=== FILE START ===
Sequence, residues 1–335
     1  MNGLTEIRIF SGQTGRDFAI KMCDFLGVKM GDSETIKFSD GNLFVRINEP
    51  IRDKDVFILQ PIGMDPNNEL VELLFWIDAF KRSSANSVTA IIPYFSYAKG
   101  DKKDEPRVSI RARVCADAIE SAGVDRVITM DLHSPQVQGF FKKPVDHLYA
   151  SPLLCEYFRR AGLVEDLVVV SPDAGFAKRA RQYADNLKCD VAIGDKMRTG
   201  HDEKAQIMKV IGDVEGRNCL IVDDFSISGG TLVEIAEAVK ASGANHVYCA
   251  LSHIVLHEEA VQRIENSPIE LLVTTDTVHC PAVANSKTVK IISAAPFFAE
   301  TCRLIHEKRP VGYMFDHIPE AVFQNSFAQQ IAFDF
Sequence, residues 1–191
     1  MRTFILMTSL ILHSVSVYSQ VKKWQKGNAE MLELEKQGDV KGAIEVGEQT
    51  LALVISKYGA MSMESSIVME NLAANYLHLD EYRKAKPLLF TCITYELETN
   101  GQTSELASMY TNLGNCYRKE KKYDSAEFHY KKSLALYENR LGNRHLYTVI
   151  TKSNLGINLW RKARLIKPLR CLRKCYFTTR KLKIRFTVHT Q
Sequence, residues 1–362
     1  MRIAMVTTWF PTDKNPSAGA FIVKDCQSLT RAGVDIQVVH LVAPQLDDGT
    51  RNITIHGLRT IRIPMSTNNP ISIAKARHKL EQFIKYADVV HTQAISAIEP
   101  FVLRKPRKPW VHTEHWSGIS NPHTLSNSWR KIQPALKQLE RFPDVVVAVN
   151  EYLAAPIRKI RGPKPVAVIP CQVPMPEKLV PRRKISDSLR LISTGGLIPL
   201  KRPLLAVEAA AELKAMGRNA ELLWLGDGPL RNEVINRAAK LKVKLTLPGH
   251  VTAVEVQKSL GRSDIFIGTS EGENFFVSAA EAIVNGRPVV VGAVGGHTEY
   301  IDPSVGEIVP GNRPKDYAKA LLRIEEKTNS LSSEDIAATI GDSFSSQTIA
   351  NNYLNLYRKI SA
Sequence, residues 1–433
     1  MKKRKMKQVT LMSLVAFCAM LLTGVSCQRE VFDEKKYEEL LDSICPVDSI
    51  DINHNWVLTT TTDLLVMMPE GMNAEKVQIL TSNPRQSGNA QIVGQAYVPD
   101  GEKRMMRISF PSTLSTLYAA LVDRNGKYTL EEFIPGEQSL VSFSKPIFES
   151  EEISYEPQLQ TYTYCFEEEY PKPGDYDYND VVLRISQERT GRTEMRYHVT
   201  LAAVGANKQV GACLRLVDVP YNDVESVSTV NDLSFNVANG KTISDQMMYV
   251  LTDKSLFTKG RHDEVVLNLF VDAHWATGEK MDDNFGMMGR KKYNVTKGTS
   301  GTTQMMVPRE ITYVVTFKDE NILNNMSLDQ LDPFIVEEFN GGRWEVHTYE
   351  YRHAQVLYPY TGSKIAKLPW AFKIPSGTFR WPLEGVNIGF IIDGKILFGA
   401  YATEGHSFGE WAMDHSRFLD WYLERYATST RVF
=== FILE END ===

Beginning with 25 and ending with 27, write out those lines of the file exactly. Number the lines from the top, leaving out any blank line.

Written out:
    51  DINHNWVLTT TTDLLVMMPE GMNAEKVQIL TSNPRQSGNA QIVGQAYVPD
   101  GEKRMMRISF PSTLSTLYAA LVDRNGKYTL EEFIPGEQSL VSFSKPIFES
   151  EEISYEPQLQ TYTYCFEEEY PKPGDYDYND VVLRISQERT GRTEMRYHVT